12 May “I am proud to have the footprint as my first fully completed Craftivist project…” blogs Jessica Ball
“My Craftivism” is a series: We’re always excited to hear about & spotlight craftivism projects that fellow craftivistas are involved in. It can really inspire us, challenge us and hopefully get us all thinking about what is effective craftivism. In this series we hope to offer a platform to craftivists to show and speak about their latest craftivism activities & their approach to craftivism (which may be different to ours). If you would like to share your own craftivism piece or event with us please do email us at Craftivist.Collective@gmail.com for more info
Third Times a Charm by craftivist Jessica Ball
My first encounter with Sarah and her mixture of activism and craft was at an ‘I’m A Piece’ workshop in London in November 2012. I had never participated in any form of activism but was attracted to the event because I love hand embroidery, and having just moved back to the UK from living abroad I saw it as a great opportunity to meet new like-minded people.
I had read about the premise of the event before I arrived so I had come prepared with my jigsaw piece and message ready to embroider. The brief said that you should embroider three jigsaw pieces, one for the group jigsaw that would support the Save The Children, Race Against Hunger Campaign; one for yourself to keep and one to send to your local MP. After much deliberation I decided to use the adopted philosophy of my online ethical retail business, Yours Sustainably as my message: “Happiness held is the seed, happiness shared is the flower.” I was close to completion of the jigsaw piece by the end of the event and Sarah gave us the deadline to send in the completed piece to be included in the installation that would be exhibited at the G8 summit to highlight the need to work towards the end of world hunger. I went home with every intention to finish my piece and complete the other two. The days passed and the deadline quickly approached. I managed to send my first piece to Sarah just in time to be included in the installation and then I put the other pieces in my fabric drawer and forgot about them, helped by the fact that I had struggled to think of anything ‘profound’ to embroider on them.
My second Craftivist event was at the V&A in December 2013. I went with a friend from London College of Fashion and this time I was motivated by my Masters research into the use of craft for political and social communication. As a drop-in day time event there was less interaction with the other crafters and we collected our materials and started work on the project: a star to embroider with a message on how to be a good global citizen. Again I really struggled on deciding what to write and embroider on my star. For me the question of how to be a good global citizen provokes a need to think of some deep and meaningful statement. In the end I settled for ‘Love Collectively’ which was not really how I wanted to articulate what I had been discussing with my friend but we were both running out of ideas. Sarah suggested writing a message on a brown paper tag, attaching it to the star and giving it to someone who you wanted to pass your message on to. Again, I didn’t see the project through; on finishing my star I took it home and added it to my pile of MA research material but slightly missed the point of the exercise again.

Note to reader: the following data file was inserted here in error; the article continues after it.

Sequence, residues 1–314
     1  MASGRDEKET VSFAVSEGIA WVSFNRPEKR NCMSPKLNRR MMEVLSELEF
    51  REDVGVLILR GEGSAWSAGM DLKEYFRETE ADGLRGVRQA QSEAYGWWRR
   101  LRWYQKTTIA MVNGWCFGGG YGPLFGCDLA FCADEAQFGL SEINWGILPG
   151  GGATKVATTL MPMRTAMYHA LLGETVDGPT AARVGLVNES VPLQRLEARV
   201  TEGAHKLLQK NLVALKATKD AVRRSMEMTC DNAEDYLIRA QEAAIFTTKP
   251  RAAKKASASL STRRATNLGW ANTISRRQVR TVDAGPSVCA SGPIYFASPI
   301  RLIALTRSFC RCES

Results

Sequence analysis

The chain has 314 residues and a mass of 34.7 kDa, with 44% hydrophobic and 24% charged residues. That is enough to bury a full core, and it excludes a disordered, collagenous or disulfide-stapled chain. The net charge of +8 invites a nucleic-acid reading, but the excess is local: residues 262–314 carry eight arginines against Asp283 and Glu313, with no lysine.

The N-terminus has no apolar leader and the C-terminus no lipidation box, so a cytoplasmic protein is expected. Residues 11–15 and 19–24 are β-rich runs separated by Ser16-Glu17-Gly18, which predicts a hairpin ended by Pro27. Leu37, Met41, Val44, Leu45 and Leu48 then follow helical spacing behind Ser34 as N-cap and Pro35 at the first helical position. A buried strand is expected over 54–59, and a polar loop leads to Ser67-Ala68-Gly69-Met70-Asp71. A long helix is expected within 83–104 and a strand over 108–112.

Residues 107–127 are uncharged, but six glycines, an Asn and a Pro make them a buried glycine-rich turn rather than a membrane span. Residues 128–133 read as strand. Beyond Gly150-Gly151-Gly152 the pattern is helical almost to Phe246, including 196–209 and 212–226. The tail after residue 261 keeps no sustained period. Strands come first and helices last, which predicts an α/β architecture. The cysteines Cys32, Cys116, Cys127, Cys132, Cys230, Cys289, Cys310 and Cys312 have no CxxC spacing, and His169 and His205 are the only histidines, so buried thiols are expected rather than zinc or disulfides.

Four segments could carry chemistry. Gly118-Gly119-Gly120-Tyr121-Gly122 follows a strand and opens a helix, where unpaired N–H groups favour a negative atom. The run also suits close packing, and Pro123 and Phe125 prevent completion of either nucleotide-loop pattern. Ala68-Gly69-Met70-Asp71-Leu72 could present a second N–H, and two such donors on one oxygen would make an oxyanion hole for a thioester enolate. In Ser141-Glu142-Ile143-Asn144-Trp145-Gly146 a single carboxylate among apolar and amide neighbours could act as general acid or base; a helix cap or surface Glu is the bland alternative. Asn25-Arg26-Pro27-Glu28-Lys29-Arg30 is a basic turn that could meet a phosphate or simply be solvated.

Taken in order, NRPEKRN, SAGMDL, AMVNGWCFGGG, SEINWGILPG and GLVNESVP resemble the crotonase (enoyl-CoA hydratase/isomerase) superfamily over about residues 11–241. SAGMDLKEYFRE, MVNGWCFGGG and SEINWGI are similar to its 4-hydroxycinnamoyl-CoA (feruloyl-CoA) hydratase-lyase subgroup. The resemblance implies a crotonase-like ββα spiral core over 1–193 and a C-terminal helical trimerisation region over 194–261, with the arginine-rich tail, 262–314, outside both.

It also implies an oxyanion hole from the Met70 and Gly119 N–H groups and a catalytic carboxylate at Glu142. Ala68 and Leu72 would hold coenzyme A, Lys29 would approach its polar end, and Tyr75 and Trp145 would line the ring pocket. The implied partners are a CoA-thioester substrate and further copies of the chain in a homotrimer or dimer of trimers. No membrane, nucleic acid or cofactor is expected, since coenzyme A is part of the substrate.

I recently attended my third Craftivism workshop this January at Fabrications in Broadway Market, East London. This time Sarah spoke at length about how she started as a Craftivist, her personal journey and what she is trying to achieve with her growing community and workshops. Although I was familiar with her story I loved hearing if from her directly and when she spoke about many of the people being drawn to Craftivism as introverts this really resonated with me. I have never labelled myself as an introvert as such but when Sarah started to explain the project for this workshop something clicked. This time we were given a fabric footprint to embroider. Sarah suggested that we write ourselves positive messages to embroider and that when finished we keep the footprint somewhere prominent so that we will see it every day as a reminder to ourselves of how we want to live our lives.
Whereas in the two previous workshops, which were projects that had outward facing messages, the inward facing nature of this project meant that I had no problem deciding what I wanted to embroider; given that it was January and the start of a new, busy and potentially very exciting year I had lots of positive messages I will need to be reminded of on a daily basis.
The footprint project is the perfect starting place for any would-be Craftivist, for surely it is important that we have identified our own values and motivations for living in our world before we start looking to influence other people.
I am proud to have the footprint as my first fully completed Craftivist project, it looks beautiful in my recycled glass frame and will inspire me in my daily life and maybe to start my next Craftivist project…I think I might be ready for a mini-protest banner, watch this space!
You can follow Jessica on Twitter @ys_jessica and on Instagram @JessicaBallYS
A big thanks to Jessica for her time and thoughtfyl answers. You can join in our craftivism projects wherever you are in the world, on your own or in a groups. We sell craftivism kits on our Etsy shop amongst other items if you want to make one for yourself or encourage a group of your friends to make theirs together.Craftivist Collective is a social enterprise that relies on your support. If you enjoyed this blog post, please comment, share or visit our shop